by: Elena Neitlich
Saying goodbye is one of the most difficult tasks that people learn in life. Learning to handle separation is an emotionally difficult task that begins in infancy. Too often, parents and caregivers mishandle the child’s transition between them, and the child is left feeling scared and abandoned. “Maybe mommy isn’t ever coming back.”
Failing to provide the necessary support that children need, to separate well, may have a negative effect on the child’s future relationships. The parent’s own feelings of anxiety and sadness, or on the opposite end of the spectrum, insensitivity to the child’s emotions, can have a profound effect on a child’s level of separation anxiety.
If separating is handled with sensitivity, children develop confidence and independence and feel secure when left in the hands of a loving and competent caregiver.
Mistake #1-Ignore the child’s fears-Many parents think that ignoring a child’s anxiety, anger, stress and fear makes separating easier. Mom or dad might believe that springing the separation on the child and sneaking out, like ripping off a band-aid, won’t give the child time to get worked up, tearful and upset. Other parents may not be sensitive to the fact that separating is a big deal, “Why is he so upset, I am just running out for an hour.” Don’t tell the child his or her feelings are insignificant.
Solution: Explain to the child calmly, clearly and briefly, what he or she should expect. Use the same ritual before each separation. For example: enter the room, hang the child’s coat, put the snack away, take out a loved toy, give a big hug and kiss, etc. Do not sneak out or use a distraction to duck out of the room. In new situations, parents should allot adequate time to hang around while the child becomes acclimated to his new surroundings. The parent should reassure the child that mommy/daddy is coming back soon and should expect the child to feel some distress. Separating is tough.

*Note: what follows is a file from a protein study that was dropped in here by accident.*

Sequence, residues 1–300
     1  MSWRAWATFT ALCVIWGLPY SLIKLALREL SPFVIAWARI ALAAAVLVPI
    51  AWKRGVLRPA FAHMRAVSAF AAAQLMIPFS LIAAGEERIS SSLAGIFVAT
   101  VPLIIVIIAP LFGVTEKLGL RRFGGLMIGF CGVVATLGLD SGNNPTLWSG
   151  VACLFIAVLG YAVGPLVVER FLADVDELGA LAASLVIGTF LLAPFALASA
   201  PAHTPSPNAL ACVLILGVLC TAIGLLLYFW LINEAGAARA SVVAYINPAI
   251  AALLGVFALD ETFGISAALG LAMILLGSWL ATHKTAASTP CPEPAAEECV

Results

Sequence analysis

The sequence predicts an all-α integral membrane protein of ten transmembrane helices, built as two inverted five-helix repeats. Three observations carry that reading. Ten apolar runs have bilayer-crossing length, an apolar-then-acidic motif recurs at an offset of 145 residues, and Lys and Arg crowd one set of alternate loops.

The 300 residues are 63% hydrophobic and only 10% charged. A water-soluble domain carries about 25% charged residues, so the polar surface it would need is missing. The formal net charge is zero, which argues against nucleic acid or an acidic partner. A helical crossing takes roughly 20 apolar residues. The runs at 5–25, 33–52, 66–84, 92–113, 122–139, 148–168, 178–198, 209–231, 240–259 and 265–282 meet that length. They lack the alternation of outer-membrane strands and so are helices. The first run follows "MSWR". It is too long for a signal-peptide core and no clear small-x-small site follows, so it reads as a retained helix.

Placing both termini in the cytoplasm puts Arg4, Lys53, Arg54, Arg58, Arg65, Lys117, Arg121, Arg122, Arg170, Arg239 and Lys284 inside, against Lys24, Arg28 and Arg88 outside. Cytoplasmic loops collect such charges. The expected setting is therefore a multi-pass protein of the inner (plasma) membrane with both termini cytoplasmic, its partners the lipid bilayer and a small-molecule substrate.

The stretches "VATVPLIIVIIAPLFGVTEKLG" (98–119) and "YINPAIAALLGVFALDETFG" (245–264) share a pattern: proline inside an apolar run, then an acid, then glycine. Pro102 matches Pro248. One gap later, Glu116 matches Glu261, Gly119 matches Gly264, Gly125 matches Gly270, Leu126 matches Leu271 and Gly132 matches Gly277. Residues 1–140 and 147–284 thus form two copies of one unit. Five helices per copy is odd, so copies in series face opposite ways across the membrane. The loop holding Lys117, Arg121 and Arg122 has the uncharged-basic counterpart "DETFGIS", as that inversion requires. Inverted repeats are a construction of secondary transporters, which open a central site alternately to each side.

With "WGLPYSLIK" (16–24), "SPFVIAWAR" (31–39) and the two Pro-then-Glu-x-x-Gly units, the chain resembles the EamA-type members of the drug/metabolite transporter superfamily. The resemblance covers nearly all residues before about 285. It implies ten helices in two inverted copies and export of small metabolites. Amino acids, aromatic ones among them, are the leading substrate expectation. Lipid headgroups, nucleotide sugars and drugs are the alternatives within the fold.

Mistake #2-Emphasize the fun and excitement of the activity-Disregarding that the child is feeling frightened, and instead focusing on how much fun she is going to have, does not ease separation fears. The child may be confused and not understand why she is being left and wondering if mommy or daddy will ever return. While upset the child is not able to focus on the fun things in store for her while mom is away.
Solution: Short absences initially (30-90 minutes) are easier for children. Ensure that the child understands what is happening by using the same description of the situation before each separation. “Mommy is going to have her teeth cleaned, remember we passed the dentist’s office on the drive over here? I will be back shortly to pick you up and then we will go to the park and have our lunch. I know that you feel a little afraid because this is a new place to play and I am leaving. Miss Melanie is really kind and happy to play with you, I like her very much. I love you and I am coming back to pick you up as soon as my teeth are shiny.” Explaining what to expect gives the child a sense of control.
Mistake #3-Neglecting to give the reunion its proper consideration-“Grab your coat, let’s get in the car, we are late!”…is not a proper hello after being separated from a child. Having a conversation with the caregiver before acknowledging the child, is also a mistake.
Solution: Handling the reunion between parent and child with sensitivity is just as important as the goodbye. The child is relieved that the parent has returned as promised. Develop a warm and loving routine used for returns. Positive relationship development relies on reuniting with joy and happiness. Using a special routine honors the loving bond between parent and child.
About The Author
Elena Neitlich is owner of Moms On Edge at http://www.momsonedge.com. When you’re tired of battling with potty training, bedtime and other behavioral issues, find clever parenting tools and products proven to quickly help solve the most common parenting challenges in creative, fun ways.